Crate Training a Dog – A 5-Step Method to Get You Started

Crate training a dog is a bit of a controversial subject. But let's face it — living with a dog can be no different from raising a child. Dogs "go" whenever they feel like it. They don't think twice before they put their muddy paws onto the couch. They see nothing wrong with chewing out your slippers, too.



If you want to reclaim your slippers, your couch, and your right to come home to a spotless house, the best thing to do is to start crate training a dog!

Giving your dog crate training is the best option for you if you want a pet that is not just literally a housekeeper, but is also housebroken. Some believe crate training a dog is inhumane. This need not be the case for you. Crate training puppies can be a positive experience, depending on how you do it.

Now, on to the bad news: crate training puppies can take anywhere from a few days to a few weeks. But here's good news: it's a process that is well worth your effort and time. A crate-trained pup is a better behaved little housemate so go get a crate and get your canine to give it some lovin'. Here's how to go about giving your puppy crate training.

Step One: Introduce Your Dog to the Crate - Before you show your dog the crate, take pains to make it warm and homey. Put a soft blanket inside it and leave the door securely open. Then, place the crate in the living room or any other area where the family spends most of its time. This way, your pup won't see the crate as a threat.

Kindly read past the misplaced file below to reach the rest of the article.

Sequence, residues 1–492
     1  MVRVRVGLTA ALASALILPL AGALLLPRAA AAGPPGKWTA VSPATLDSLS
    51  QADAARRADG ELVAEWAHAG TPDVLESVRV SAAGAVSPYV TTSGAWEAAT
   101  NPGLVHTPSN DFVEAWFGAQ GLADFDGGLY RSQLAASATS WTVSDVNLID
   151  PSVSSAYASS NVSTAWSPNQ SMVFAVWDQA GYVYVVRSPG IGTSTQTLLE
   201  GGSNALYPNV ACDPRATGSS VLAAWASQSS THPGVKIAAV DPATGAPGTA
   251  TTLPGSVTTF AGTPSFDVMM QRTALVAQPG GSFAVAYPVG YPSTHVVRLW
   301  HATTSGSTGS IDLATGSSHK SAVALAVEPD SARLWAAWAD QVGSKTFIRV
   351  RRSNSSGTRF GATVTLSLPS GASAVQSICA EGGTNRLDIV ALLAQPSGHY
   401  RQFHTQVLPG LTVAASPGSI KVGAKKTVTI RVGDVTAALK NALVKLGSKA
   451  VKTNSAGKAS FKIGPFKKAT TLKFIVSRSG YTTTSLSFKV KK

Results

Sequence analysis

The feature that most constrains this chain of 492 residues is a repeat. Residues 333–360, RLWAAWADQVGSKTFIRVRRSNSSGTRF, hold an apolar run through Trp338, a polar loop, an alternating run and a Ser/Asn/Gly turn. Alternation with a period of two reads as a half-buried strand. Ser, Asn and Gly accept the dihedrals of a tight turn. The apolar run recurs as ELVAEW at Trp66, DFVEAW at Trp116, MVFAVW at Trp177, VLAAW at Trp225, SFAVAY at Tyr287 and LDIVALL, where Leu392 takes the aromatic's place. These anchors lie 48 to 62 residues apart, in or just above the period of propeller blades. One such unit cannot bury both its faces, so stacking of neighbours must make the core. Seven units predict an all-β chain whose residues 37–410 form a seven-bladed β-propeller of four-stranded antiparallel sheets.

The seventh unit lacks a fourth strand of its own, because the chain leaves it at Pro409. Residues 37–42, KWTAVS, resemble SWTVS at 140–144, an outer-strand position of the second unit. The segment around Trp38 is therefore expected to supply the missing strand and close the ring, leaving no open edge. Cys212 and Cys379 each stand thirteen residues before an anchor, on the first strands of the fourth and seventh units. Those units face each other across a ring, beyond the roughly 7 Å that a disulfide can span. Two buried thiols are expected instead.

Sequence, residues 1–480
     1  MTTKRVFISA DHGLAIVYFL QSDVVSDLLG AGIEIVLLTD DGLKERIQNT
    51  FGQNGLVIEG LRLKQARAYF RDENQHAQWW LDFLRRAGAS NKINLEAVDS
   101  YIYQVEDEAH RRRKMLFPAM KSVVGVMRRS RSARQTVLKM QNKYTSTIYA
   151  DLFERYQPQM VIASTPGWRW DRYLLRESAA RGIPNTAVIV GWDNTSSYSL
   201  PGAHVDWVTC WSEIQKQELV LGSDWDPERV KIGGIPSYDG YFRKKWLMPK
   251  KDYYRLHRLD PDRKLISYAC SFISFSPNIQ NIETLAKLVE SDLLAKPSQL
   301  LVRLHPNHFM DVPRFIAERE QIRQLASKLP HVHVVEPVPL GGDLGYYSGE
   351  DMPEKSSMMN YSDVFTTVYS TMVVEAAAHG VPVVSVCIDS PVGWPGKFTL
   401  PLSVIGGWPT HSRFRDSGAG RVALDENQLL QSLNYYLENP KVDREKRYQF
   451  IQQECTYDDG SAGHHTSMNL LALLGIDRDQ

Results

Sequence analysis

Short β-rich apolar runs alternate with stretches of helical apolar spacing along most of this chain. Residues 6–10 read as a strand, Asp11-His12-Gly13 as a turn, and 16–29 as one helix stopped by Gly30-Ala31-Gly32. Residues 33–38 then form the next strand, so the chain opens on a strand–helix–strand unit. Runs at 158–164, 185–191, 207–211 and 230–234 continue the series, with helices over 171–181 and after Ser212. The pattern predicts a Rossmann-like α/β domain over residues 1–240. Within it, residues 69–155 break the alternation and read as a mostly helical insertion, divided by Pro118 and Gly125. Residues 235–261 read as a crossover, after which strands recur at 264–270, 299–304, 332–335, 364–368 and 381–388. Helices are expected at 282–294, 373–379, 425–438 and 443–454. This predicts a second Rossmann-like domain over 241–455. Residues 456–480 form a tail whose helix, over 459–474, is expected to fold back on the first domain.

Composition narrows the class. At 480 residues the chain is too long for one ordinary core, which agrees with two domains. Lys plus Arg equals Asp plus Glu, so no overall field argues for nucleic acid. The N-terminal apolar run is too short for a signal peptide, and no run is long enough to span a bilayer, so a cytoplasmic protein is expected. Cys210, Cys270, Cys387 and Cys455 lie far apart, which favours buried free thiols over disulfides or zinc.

Step Two: Motivate Your Dog to Walk Up to the Crate - Remember Hansel and Gretel? For this next step, you need to leave a trail of breadcrumbs—or more appropriately, a trail of treats—that lead all the way to the crate. If this doesn't work, toss your dog's favorite toy inside the crate. Get creative; there are many ways to motivate your canine.

Step Three: Start Giving Your Dog His Meals Near the Crate - This will create a strong association between food and the crate, a connection that his stomach will surely appreciate. Then, inch his plate closer and closer to the crate until one day, you can finally put the dish inside. What this strategy does is seal in your dog's mind the happy connection between getting fed and getting crated.

Step Four: Open and Close Doors - Crate training a dog is all about milestones, and this is a very important one. The moment your dog feels comfortable enough with his crate to stand inside, try closing the door while he eats but re-open it as soon as he's done with his meal. Try leaving the door closed for longer periods. This will help your canine get used to his new living space. If he whines or cries, do not let him out unless he stops it. Remember, crate training a dog is not just about limiting doggy's space; it's all about teaching him good behavior.

Step Five: Repeat Steps One to Four - Keep in mind that practice makes perfect. Get your dog used to being made to stay inside the crate longer. Put him there using a treat or a command. Try crating him at night and every time you go out. However, be sure to put the crate in or near areas with plenty of human activity. That way, your dog won't associate crating with isolation. Once your pooch has learned to love his crate, you can then move the crate anywhere you want.

Crate training a dog is NOT the tragedy some people paint it to be. Think of it as a crash course in good behavior. With patience and plenty of treats up your sleeve, you can teach any dog a new trick — learning to love the crate included.






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